Vacation rentals being hit for unpaid taxes
The state is going after the $1.5 million in an effort to regulate illegal tourist rentals
The state is going after $1.5 million in taxes unpaid by 68 companies operating vacation rentals and bed-and-breakfasts in Hawaii.
The businesses failed to pay a 7.25 percent tourist accommodation tax and a 4 percent general excise tax, according to the state Department of Taxation, which has been auditing hundreds of rental companies since 2005.
The uncollected money would have gone to the state's general fund, said Titin Liem, special assistant to Tax Director Kurt Kawafuchi. The department is investigating another 237 operators of short-term rentals flagged for not having paid required taxes, she said.
Names of the companies were given to tax officials by the public and the Hawaii Tourism Authority.
The investigation is part of a broader effort to regulate the short-term rentals, some of which have been operating without permits. In the past year, city inspectors issued about 80 notices of violations and 40 fines to homeowners on Oahu who were illegally renting out their properties to visitors.
Only about 1,000 homeowners on 0ahu have a certificate to rent rooms for less than 30 days. And while the city stopped issuing new permits in 1989, a recent state study found more than 2,000 online advertisements for short-term rentals on the island.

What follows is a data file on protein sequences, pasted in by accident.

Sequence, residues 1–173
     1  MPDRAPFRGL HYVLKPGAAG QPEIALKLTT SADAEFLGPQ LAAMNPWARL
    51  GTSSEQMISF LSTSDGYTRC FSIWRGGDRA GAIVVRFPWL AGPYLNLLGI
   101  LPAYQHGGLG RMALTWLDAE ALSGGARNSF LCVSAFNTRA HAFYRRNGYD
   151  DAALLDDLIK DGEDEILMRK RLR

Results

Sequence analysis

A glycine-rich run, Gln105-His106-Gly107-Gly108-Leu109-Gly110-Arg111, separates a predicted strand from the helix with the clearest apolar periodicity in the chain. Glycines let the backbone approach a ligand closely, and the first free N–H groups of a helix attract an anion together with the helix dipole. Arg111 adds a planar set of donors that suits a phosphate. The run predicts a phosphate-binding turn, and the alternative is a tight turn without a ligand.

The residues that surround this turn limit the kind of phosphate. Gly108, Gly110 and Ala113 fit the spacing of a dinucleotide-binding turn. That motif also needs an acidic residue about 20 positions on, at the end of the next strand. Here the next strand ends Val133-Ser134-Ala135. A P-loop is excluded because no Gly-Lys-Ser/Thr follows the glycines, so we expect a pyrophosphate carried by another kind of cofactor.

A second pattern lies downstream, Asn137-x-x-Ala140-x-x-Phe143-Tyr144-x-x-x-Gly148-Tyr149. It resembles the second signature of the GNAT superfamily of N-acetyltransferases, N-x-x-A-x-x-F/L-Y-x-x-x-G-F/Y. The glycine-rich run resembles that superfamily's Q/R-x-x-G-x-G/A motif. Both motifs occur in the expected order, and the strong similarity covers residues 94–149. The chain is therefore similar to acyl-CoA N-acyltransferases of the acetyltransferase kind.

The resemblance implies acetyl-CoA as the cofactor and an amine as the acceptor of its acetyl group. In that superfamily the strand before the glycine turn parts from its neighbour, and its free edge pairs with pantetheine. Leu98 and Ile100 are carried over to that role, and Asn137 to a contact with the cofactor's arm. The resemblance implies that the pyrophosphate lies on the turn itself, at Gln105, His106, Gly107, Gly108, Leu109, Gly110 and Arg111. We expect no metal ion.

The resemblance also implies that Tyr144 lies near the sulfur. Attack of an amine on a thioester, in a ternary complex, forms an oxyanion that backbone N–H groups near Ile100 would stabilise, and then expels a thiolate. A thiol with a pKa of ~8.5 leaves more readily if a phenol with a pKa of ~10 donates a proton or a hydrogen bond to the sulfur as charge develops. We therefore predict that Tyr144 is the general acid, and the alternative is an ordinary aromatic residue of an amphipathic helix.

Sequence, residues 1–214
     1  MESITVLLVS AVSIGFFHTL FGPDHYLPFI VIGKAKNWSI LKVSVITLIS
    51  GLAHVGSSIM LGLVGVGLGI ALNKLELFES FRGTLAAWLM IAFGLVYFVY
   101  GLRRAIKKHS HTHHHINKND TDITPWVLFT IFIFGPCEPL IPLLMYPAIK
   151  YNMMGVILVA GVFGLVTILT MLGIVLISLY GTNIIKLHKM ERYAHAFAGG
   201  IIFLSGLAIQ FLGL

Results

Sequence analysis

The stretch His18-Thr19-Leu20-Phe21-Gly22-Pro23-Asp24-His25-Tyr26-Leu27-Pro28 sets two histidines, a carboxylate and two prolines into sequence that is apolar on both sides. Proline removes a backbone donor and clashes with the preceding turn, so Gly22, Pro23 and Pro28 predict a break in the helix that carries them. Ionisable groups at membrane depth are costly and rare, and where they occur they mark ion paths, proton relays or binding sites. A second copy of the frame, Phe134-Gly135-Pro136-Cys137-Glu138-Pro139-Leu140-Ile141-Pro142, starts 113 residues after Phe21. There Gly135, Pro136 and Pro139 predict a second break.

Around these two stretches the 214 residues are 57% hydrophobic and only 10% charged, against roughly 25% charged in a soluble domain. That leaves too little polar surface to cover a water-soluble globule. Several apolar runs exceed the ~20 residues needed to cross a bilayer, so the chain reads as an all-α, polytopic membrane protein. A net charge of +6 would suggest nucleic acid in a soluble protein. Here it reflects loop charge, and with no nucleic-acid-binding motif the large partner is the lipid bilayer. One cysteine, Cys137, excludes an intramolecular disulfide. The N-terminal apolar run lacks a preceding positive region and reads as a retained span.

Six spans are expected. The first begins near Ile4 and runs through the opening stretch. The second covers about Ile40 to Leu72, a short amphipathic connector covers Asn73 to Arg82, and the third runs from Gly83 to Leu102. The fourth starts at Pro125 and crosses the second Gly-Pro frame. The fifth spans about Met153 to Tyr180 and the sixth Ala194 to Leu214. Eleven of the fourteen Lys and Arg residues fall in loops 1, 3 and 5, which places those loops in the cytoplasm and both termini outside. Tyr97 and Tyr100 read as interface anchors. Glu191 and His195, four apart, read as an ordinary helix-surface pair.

People who live near the residential rentals have complained the businesses create traffic and noise.
Kailua resident Don Bremner said he gave the Tax Department a list of 26 properties in his neighborhood that he says are either violating tax laws or lack permits. Bremner, of the community group "Keep It Kailua," said the recent crackdown on the businesses is working.
"The trend is definitely going in the right direction," he said.
To better monitor the industry, state Sen. Gary Hooser introduced a bill at the legislature that would require the Tax Department to share information about the rentals with counties.
"The main purpose is just to get an idea of the scope of the issue, and how much money is being made," said Hooser (D-Kauai, Niihau), noting that vacation rentals have disrupted neighborhoods across the state.
"In moderation it's fine, but in excess it changes the nature of a community," he said.
The Tax Department opposes the bill, saying it would be a burden on its workers.
Senate Bill 750 calls for the department to file annual reports estimating how much the state loses in general excise tax and transient accommodation tax because of a lack of county enforcement.
House and Senate lawmakers are discussing the bill in a conference committee.